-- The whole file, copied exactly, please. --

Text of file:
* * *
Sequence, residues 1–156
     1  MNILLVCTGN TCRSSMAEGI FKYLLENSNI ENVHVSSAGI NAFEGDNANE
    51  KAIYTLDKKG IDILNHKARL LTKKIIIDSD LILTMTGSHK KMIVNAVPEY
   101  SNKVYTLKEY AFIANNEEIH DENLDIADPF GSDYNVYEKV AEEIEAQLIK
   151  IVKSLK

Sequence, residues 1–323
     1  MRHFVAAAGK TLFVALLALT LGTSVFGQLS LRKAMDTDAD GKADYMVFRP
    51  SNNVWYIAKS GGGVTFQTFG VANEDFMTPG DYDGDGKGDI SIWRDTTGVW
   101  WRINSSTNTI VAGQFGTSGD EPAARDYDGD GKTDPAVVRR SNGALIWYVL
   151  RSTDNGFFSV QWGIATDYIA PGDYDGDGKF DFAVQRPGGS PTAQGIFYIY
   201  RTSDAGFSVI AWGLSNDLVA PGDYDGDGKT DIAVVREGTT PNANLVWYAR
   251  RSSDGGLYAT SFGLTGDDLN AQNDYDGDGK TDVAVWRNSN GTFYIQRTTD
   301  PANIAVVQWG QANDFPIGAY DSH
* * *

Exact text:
Sequence, residues 1–156
     1  MNILLVCTGN TCRSSMAEGI FKYLLENSNI ENVHVSSAGI NAFEGDNANE
    51  KAIYTLDKKG IDILNHKARL LTKKIIIDSD LILTMTGSHK KMIVNAVPEY
   101  SNKVYTLKEY AFIANNEEIH DENLDIADPF GSDYNVYEKV AEEIEAQLIK
   151  IVKSLK

Sequence, residues 1–323
     1  MRHFVAAAGK TLFVALLALT LGTSVFGQLS LRKAMDTDAD GKADYMVFRP
    51  SNNVWYIAKS GGGVTFQTFG VANEDFMTPG DYDGDGKGDI SIWRDTTGVW
   101  WRINSSTNTI VAGQFGTSGD EPAARDYDGD GKTDPAVVRR SNGALIWYVL
   151  RSTDNGFFSV QWGIATDYIA PGDYDGDGKF DFAVQRPGGS PTAQGIFYIY
   201  RTSDAGFSVI AWGLSNDLVA PGDYDGDGKT DIAVVREGTT PNANLVWYAR
   251  RSSDGGLYAT SFGLTGDDLN AQNDYDGDGK TDVAVWRNSN GTFYIQRTTD
   301  PANIAVVQWG QANDFPIGAY DSH